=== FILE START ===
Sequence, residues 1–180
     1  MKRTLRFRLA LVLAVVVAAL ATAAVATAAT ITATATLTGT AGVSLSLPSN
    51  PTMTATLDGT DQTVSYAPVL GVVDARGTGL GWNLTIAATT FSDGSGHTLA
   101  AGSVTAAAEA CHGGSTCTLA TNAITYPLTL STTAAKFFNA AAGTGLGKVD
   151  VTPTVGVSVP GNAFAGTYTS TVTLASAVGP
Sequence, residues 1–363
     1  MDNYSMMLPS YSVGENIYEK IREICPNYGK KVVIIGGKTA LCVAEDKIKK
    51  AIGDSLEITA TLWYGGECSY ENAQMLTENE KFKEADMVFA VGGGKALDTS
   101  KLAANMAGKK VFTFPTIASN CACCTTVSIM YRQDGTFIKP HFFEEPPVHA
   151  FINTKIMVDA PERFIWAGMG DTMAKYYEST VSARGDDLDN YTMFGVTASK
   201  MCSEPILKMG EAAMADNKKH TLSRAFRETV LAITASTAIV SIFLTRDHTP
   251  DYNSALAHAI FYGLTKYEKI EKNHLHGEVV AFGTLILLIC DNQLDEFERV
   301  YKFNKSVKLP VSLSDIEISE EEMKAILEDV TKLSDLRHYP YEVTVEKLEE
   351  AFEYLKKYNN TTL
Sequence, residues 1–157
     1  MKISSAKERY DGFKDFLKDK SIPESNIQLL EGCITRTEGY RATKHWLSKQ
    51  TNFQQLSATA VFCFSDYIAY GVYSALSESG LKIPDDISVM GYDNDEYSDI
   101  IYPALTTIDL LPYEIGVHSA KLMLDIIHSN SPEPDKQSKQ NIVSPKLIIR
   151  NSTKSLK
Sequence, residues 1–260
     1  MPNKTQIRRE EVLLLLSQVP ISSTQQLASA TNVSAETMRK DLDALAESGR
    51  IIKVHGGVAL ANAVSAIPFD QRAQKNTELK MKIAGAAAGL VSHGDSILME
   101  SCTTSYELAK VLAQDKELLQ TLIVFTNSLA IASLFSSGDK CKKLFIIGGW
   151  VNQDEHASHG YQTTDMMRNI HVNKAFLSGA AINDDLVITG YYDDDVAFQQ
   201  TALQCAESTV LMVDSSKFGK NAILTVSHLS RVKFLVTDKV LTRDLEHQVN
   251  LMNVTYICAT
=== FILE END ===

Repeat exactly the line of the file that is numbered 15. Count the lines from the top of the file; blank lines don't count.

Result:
Sequence, residues 1–157